Spotted at Eurobike 2018, this set of prototype 3D-printed stainless-steel frame-parts from British bicycle tubing specialists, Reynolds, has the potential to totally shake up the way custom builders and manufacturers approach producing steel frames.
Titanium additive manufacturing is a mature technology and it has been used — even in a commercial context — quite widely within the cycling industry.
However, the possibilities that 3D-printing stainless steel could offer the world of cycling have not yet been fully explored.
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What makes 3D-printed frame-parts better?
In a time gone by, you could buy a full groupset that would include dropouts. You could then take this whole package to a frame builder who would build a bike to suit you with this and a fairly standardised — in terms of geometry at least — package of lugs.
The whole industry has changed since then. Those going to a frame builder now are far more likely to be going down that route as they want something that’s either unavailable commercially or unique in some other way.
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With this focus on flexibility in mind, Reynolds is developing a range of customisable 3D-printed titanium and stainless-steel frame-parts that can be adapted to suit the needs of individual builders and their clients.
How 3D printing could streamline frame production
Customisability is not the only benefit of working with 3D printing — where others have used the technology to exploit its unique properties in terms of aesthetic opportunities and weight reduction, Reynolds is looking to use it to streamline production processes for custom and high-end steel-frame builders.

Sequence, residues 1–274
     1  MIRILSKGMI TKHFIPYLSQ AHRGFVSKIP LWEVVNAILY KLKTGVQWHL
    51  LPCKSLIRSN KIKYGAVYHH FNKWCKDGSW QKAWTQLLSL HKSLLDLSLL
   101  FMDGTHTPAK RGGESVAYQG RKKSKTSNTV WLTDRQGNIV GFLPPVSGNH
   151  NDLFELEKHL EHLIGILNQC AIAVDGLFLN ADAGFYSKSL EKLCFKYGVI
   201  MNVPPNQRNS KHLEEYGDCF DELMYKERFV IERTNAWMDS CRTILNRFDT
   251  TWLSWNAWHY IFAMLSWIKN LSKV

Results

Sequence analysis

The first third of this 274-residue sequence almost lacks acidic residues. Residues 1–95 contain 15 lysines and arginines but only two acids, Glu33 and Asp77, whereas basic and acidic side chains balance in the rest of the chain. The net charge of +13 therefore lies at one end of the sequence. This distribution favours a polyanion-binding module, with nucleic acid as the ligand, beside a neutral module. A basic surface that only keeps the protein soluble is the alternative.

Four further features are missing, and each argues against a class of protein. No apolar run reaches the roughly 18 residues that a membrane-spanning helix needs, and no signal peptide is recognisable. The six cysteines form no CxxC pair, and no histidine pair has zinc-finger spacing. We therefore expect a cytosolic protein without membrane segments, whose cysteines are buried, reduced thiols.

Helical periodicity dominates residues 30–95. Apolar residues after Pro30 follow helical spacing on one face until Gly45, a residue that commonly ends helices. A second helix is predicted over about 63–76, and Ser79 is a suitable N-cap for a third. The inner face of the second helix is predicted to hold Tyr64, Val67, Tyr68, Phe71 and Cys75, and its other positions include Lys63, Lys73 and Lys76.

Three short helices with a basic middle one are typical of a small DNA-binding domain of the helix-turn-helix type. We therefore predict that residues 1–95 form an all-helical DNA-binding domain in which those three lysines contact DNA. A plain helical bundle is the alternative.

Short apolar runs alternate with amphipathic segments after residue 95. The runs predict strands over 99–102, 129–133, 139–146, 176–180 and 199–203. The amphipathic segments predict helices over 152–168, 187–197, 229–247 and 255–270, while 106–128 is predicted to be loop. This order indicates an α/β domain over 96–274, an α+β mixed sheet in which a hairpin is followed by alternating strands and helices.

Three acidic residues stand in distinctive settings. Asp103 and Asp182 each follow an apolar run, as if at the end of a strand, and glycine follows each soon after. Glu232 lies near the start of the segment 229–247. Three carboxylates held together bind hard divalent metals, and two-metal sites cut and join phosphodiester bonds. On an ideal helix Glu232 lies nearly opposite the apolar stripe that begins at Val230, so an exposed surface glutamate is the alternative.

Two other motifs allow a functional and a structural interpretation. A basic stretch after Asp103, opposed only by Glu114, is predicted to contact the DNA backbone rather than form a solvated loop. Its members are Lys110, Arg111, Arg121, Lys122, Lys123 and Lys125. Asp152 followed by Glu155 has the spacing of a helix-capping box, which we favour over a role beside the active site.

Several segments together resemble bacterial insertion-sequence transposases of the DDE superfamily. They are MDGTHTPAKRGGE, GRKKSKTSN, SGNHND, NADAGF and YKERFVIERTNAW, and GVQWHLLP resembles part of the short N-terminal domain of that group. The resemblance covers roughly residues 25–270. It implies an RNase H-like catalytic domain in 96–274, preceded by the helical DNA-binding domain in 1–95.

Primarily, as it’s possible to produce frame parts with cleaner edges and to tighter tolerances, it removes the need to mitre and otherwise prepare tubes, which is by far the most time-consuming part of any builder’s life.
Will this make custom steel-frames cheaper?
There’s a burgeoning market for production-run, semi-custom steel framesets — such as Speedvagen’s OG Classic, Norther Cycles’ Lyon, and Tommii’s Canvas to name a few — and this is where I can envisage savings being passed on to the consumer; the customisable aspects of 3D production could mean there’s less time spent with the hacksaw, file and emery cloth working on lugs and more time actually brazing, designing and curating great Instagram accounts.
3D printing also allows Reynolds to produce far more intricate shapes than is possible with casting or forging. This allows it to include, among other things, routing for internal cables and reduce weight by creating internal pockets.
Hasn’t Reynolds done 3D printing before?
This isn’t the first 3D-printed project we’ve seen from Reynolds, with the firm producing a pretty wacky prototype in collaboration with Mirada that we reported on back in 2016.
The future of frame production?
There will, of course, always be those who love the timeless look of lugs — I count myself among that number — and I don’t see 3D-printed frame-parts taking over entirely, but it’s still exciting to see there’s a willingness to invest in developing new technology for steel-frame production.